COVID-19 Fact Checks

MISSING CONTEXT: VAERS data show COVID-19 vaccines lead to ectopic pregnancies

Rappler
MISSING CONTEXT: VAERS data show COVID-19 vaccines lead to ectopic pregnancies
The COVID-19 vaccine symptoms reported through VAERS do not determine causality. The US CDC still recommends COVID-19 vaccination for pregnant women.
At a glance
  • Claim: Data from the Vaccine Adverse Event Reporting System (VAERS) reveal there are 50 times more ectopic pregnancies following COVID-19 vaccination than for all vaccines in the past 30 years.
  • Rating: MISSING CONTEXT
  • The facts: The COVID-19 vaccine symptoms reported through VAERS do not determine causality. The US CDC still recommends COVID-19 vaccination for pregnant women.
  • Why we fact-checked this: This was flagged by Facebook’s fact-checking tool as potentially misleading. According to the tool, the post on Instagram has been viewed around 500 times in the past 24 hours.
Complete details

According to an Instagram post on November 24 by the account “crg_globalresearch” data from the Vaccine Adverse Event Reporting System (VAERS) reveal that there are 50 times more ectopic pregnancies following COVID-19 vaccination than for all vaccines in the past 30 years.

This was flagged by Facebook’s fact-checking tool as potentially misleading. According to the tool, the post on Instagram has been viewed around 500 times in the past 24 hours. The tool said the post is circulating in the Philippines.

This post is missing context.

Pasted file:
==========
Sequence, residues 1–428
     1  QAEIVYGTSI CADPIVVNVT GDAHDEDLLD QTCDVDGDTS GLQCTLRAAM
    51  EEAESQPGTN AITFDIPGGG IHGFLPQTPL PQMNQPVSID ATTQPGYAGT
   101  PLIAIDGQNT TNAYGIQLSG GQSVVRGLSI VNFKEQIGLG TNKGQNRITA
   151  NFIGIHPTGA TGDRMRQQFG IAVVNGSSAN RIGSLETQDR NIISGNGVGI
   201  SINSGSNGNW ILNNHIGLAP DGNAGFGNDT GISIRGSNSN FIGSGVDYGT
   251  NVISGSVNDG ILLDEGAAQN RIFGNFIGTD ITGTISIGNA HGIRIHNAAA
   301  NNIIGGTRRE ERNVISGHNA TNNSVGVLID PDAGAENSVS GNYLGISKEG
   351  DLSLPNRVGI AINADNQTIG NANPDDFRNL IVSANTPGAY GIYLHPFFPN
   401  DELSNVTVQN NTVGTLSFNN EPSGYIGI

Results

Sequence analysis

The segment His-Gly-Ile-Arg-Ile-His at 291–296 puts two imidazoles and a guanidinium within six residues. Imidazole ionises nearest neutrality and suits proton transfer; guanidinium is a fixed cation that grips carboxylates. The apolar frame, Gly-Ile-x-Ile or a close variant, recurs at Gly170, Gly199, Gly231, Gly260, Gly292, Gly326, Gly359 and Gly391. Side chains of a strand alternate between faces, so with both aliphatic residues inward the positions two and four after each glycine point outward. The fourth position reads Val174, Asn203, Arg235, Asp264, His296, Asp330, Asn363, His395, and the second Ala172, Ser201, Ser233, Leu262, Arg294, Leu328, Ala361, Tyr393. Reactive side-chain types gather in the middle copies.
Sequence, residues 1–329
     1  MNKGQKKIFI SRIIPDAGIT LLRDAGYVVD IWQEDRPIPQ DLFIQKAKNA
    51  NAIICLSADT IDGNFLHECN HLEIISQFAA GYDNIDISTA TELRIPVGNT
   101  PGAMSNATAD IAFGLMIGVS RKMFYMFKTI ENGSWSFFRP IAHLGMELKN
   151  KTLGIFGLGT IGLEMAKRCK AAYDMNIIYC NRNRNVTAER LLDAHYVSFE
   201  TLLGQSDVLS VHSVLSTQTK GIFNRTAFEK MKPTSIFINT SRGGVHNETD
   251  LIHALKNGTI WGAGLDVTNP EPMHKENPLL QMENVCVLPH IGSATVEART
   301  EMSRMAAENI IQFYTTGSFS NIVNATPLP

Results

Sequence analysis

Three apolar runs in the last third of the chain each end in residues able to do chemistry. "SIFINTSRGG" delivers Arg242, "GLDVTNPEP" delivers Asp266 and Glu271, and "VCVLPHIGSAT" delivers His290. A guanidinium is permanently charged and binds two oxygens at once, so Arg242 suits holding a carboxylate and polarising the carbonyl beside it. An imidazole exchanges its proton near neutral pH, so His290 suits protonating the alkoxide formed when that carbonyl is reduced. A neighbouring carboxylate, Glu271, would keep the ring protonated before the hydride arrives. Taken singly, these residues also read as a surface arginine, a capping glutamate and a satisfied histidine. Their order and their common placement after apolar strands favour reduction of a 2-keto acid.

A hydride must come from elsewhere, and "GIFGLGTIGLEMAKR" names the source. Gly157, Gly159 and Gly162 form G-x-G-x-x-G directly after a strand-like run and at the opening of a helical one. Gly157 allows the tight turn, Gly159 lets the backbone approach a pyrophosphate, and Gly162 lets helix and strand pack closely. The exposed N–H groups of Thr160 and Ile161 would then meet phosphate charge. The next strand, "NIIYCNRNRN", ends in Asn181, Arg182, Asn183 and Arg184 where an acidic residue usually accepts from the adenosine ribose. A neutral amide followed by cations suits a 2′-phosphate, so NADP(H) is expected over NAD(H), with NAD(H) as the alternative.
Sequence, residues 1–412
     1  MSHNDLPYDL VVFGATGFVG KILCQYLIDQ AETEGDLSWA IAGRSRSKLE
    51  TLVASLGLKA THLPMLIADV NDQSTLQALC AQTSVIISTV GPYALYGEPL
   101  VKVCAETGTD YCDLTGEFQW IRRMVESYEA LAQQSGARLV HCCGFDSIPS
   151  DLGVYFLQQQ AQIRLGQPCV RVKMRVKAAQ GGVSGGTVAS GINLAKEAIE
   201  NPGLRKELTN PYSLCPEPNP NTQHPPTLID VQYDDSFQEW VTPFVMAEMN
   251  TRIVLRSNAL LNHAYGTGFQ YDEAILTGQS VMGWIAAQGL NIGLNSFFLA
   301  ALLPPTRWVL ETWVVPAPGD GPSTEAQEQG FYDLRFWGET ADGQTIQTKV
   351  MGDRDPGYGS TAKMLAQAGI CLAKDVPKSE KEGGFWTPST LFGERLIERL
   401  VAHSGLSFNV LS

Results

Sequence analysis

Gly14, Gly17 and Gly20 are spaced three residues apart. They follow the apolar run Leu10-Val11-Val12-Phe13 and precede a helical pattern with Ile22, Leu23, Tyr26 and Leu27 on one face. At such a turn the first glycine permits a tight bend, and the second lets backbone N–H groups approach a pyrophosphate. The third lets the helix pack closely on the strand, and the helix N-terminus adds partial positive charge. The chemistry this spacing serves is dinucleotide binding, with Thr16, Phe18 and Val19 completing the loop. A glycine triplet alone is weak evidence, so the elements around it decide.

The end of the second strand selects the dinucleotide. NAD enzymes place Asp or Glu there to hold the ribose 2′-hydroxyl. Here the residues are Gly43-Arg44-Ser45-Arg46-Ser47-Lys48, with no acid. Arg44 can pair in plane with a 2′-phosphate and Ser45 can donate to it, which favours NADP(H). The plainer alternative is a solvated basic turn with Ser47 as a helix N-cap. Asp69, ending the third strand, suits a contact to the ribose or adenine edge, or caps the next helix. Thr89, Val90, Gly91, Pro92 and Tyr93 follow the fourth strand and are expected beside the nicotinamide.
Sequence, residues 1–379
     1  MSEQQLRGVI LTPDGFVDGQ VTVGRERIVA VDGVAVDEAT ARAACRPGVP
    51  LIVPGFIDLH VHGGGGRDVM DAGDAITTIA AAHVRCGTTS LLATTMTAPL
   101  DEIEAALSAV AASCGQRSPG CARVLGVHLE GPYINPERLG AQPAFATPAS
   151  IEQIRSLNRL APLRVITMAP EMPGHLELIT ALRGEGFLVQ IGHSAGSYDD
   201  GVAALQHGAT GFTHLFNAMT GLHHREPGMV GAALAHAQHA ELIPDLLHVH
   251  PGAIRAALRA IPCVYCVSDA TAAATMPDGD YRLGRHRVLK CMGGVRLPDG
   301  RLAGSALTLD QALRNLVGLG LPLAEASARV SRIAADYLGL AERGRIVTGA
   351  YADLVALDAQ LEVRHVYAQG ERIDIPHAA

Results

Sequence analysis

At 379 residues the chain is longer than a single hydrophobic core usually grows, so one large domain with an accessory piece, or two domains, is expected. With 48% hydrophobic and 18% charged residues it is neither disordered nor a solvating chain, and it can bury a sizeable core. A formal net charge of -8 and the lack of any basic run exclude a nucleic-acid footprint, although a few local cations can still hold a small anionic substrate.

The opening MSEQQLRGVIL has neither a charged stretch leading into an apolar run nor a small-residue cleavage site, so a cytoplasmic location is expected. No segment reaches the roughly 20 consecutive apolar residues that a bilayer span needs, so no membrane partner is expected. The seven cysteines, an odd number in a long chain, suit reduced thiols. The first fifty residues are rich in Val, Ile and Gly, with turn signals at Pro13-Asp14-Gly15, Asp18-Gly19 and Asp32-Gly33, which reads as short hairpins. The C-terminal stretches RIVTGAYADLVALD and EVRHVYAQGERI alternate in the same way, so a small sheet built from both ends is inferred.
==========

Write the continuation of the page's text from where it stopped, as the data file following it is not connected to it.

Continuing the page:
VAERS, which is co-managed by the US Centers for Disease Control and Prevention (CDC) and the US Food and Drug Administration (FDA), is used to detect possible safety problems.

However, the system is not designed to determine whether a vaccine is the reason for a health problem. Thus, even though ectopic pregnancies are reported to VAERS in relation to the COVID-19 vaccines, this doesn’t necessarily mean that the vaccines caused the ectopic pregnancies.

A disclaimer on the VAERS website says that the data from the reports may include incomplete, inaccurate, coincidental, or unverifiable information. And since they are voluntary – anyone can report adverse events to the system – they can be subject to bias. This limits how the data can be used scientifically.

As of Monday, November 29, both the CDC and the WHO still recommend COVID-19 vaccination for pregnant women. The CDC says that the benefits of being vaccinated against COVID-19 outweigh the potential risks of vaccination during pregnancy.

Moreover, the preliminary findings of a study published in the New England Journal of Medicine on April 21 found that there were “no obvious safety signals” among pregnant women who received mRNA COVID-19 vaccines. A larger study would need to be conducted, the researchers said, to determine maternal, pregnancy, and infant outcomes.

Rappler had also previously fact-checked the claim in the post that the COVID-19 vaccines are “experimental.” – Vernise Tantuco/Rappler.com

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